Document Type

Article

Publication Date

2010

Abstract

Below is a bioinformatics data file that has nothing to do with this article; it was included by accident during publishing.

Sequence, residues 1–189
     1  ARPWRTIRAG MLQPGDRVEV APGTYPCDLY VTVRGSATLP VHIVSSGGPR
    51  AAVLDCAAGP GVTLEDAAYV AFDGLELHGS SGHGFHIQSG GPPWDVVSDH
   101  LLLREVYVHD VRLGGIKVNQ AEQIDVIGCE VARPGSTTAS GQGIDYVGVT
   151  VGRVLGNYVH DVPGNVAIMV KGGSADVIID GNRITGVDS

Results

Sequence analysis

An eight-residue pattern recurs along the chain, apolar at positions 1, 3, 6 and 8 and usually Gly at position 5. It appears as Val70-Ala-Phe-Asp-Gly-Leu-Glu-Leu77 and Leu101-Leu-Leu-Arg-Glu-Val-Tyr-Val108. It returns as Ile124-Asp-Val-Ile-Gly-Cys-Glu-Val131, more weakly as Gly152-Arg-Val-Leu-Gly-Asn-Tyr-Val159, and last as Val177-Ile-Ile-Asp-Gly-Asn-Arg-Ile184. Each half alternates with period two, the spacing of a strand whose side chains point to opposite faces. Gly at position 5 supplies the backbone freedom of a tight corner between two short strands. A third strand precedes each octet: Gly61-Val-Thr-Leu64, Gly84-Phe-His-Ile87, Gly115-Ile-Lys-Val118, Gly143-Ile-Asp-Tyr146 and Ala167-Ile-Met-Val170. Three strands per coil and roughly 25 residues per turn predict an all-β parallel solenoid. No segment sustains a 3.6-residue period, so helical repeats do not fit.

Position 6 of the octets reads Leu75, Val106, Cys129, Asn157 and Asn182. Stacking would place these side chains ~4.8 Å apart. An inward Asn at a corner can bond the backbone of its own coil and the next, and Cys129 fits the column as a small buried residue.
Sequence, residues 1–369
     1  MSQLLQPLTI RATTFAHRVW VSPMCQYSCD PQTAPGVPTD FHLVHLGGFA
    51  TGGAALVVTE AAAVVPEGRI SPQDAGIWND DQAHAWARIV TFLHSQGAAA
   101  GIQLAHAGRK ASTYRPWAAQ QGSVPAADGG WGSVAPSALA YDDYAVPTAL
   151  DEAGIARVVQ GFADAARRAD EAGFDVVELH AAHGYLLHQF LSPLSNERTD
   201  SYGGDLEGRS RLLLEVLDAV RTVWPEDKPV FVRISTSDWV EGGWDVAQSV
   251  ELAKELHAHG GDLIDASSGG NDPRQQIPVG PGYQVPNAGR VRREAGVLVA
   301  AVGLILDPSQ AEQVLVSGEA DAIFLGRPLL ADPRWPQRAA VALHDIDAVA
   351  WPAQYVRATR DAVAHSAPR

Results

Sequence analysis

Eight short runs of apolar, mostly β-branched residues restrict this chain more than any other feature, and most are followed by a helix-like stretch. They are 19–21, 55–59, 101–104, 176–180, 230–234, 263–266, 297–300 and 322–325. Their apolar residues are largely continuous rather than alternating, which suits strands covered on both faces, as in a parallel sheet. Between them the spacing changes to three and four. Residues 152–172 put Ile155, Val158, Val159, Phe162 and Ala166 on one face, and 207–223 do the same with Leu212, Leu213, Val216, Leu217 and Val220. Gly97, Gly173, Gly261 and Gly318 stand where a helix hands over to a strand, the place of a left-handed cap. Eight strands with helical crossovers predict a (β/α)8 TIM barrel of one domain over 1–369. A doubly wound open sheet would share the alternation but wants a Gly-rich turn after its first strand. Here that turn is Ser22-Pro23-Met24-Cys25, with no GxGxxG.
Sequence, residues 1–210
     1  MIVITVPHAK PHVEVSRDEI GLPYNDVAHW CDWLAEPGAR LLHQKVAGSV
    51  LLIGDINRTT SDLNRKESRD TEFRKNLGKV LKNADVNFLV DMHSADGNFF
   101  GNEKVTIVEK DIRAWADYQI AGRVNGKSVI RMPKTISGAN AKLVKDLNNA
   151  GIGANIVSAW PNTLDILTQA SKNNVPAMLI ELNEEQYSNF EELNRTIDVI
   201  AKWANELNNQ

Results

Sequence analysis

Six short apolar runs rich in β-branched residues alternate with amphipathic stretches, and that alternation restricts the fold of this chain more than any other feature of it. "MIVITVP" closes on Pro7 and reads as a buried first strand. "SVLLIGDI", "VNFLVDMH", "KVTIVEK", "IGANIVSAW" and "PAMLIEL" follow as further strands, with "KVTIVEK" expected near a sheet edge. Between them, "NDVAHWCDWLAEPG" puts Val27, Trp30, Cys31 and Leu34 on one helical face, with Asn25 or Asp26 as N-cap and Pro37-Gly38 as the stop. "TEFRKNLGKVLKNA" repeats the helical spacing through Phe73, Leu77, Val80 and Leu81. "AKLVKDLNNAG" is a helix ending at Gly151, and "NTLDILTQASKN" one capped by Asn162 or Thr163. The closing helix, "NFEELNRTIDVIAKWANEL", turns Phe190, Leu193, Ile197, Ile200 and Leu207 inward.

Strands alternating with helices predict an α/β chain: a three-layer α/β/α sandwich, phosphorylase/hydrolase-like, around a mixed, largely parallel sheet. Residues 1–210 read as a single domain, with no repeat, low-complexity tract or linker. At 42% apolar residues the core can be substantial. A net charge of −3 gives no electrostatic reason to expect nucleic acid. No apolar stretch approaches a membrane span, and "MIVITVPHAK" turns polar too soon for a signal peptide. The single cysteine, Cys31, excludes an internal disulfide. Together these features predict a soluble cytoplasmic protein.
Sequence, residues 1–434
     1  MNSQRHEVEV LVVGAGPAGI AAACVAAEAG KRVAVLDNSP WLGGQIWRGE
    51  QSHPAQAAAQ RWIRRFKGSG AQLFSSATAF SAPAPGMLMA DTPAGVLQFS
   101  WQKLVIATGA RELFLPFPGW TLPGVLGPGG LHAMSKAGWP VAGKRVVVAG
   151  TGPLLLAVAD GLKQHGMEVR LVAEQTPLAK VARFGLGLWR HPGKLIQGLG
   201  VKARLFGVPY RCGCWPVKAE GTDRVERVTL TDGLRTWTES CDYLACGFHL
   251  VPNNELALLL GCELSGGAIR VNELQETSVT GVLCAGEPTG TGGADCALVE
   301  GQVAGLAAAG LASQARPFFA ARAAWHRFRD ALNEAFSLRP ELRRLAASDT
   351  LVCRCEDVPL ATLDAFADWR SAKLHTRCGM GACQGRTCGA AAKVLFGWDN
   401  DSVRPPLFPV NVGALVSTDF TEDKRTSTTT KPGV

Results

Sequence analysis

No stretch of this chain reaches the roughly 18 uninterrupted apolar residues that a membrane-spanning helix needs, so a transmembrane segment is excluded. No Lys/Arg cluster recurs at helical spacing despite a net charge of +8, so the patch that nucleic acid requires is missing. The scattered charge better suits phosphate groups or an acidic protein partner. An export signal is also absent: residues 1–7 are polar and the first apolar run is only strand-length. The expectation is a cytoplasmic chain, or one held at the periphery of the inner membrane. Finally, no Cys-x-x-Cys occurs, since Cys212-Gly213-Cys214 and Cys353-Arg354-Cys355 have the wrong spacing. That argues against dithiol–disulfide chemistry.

The United States Supreme Court ruled in DeShaney v. Winnebago County Department of Social Services, 489 U.S. 189 (1989) and reaffirmed in Town of Castle Rock v. Gonzales, 545 U.S. 748 (2005) that absent conditions of confinement the Due Process Clause imposes no affirmative obligations upon government to protect an individual’s life, liberty, or property. These decisions reflect the Supreme Court’s broader understanding of the United States Constitution as a guarantor of negative rights but devoid of assurance of positive rights. Like the constitutions of many other countries, state constitutions have charted a different course. Unlike their federal counterpart, state constitutions unambiguously confer positive constitutional rights. Thus, while DeShaney and Castle Rock either harshly excluded or prudently liberated, depending upon one’s view, federal courts from the work of interpreting positive constitutional rights, their state court brethren have neither been so limited nor relieved. Instead, state courts must confront the challenge posed by positive rights. In addressing such rights, the interpretive approaches adopted by state courts have reflected a rich diversity. State courts have also struggled mightily with the task. This article focuses upon a species of state constitutional rights to which there are no federal counterparts, positive constitutional rights, and the interpretation thereof by state courts. The article first defines what constitutes a positive constitutional right and then highlights examples in state constitutions. The article next addresses differences between interpreting state constitutions and the federal constitution and between interpreting positive and negative rights in state constitutions themselves. The article then describes the various approaches state courts have taken to interpreting affirmative constitutional rights. Ultimately, the argument is advanced that there are five primary types of affirmative rights provisions in state constitutions each of which requires a distinct interpretive approach.

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